Central Command Chief Says Iraq Not on Verge of Civil War
By Jim Garamone
American Forces Press Service
WASHINGTON, Mar. 15, 2006 Iraq is not on the verge of a civil war, and sectarian issues in the country are controllable, the commander of U.S. Central Command told the House Armed Services Committee here today.
Army Gen. John Abizaid testified about CENTCOM's posture. He told the representatives he believes a government of national unity will emerge in Iraq and that the Iraqi security forces will continue to improve.
Abizaid said he was concerned about sectarian violence in Iraq since the bombing of the Golden Mosque in Samarra on Feb. 22. He said he believes fugitive Jordanian terrorist Abu Musab al-Zarqawi's al Qaeda in Iraq group was responsible for the bombing as an attempt to foment civil war.
"Certainly we believe that the Samarra bombings were the work of al Qaeda. This is well within their stated intentions," the general said. "No, I don't have proof, but that's who I think did it, and that's who most Iraqis think did it. They have every reason to find a wedge to provide sectarian difficulties, to make the government fail, and to cause the Iraqi security forces to lose heart."
Iraq needs a unity government, and soon, Abizaid said. The new government must build strong ministries "that are not dominated by various sectarian concerns, and move forward in order to move the country towards peace and prosperity and defeat the insurgency."
Abizaid said al Qaeda remains the primary target in the region. "We continue to fight al Qaeda wherever we find them," he said. "We fight them directly every day in Iraq and in Afghanistan."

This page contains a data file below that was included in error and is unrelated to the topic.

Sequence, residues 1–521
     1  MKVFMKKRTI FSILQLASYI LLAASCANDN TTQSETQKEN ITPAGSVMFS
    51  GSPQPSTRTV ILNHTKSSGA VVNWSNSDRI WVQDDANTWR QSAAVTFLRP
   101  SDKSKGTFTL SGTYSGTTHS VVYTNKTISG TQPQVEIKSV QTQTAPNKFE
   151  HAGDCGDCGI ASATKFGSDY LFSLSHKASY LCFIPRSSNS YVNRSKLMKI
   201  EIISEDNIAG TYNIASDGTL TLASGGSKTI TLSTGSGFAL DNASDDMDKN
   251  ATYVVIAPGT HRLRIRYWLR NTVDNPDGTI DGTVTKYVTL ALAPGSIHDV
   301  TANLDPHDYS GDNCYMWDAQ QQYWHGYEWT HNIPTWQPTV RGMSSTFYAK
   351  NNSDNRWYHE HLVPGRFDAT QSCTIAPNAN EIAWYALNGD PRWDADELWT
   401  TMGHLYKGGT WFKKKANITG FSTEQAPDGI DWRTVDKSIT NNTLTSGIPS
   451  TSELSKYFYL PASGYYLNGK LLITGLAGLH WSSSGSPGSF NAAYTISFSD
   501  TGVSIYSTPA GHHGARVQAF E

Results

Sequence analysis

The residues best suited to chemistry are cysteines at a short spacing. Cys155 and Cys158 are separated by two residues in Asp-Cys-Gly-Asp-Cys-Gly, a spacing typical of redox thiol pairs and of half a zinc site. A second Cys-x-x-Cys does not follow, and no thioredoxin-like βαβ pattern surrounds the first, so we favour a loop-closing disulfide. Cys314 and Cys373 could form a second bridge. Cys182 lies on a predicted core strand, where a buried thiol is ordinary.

Enemy tactics in Afghanistan, the general said, have moved away from guerrilla-type ambushes toward assassinations, roadside bombs and attacks against government officials "that are moving more and more out into the hinterlands."
Coalition allies in the region also are putting pressure on al Quaeda, he said, and he specifically cited the cooperation received from Saudi Arabia and Pakistan. "Every country in the region that has an al Qaeda threat approaches it in a way that we all need to pay attention to," he said.
Al Qaeda is active and dangerous in the region, he said. But, "the vast majority of the people in the region don't want it to win," he said. "And in this battle between moderates and extremists, we need to understand that we're fighting with the good people of the region, not against them."
The general said progress is being made in the region. He said NATO working in Afghanistan is an important mission for the alliance and the world. He said the Iraqi army, in particular, did very well in the country in the days after the attack in Samarra. He said the Iraqi police must be brought up to a similar standard where their first loyalty is to the nation and not to ethnic or tribal groups.
The strategy in Iraq is working, the general said. As Iraqi forces train and gain more experience, they are taking over more and more responsibility. "In fact, by the end of the year, it is our desire that the Iraqis will have the vast majority of the lead in fighting the insurgency and dealing with the security problems that certainly will continue to be in Iraq," he said.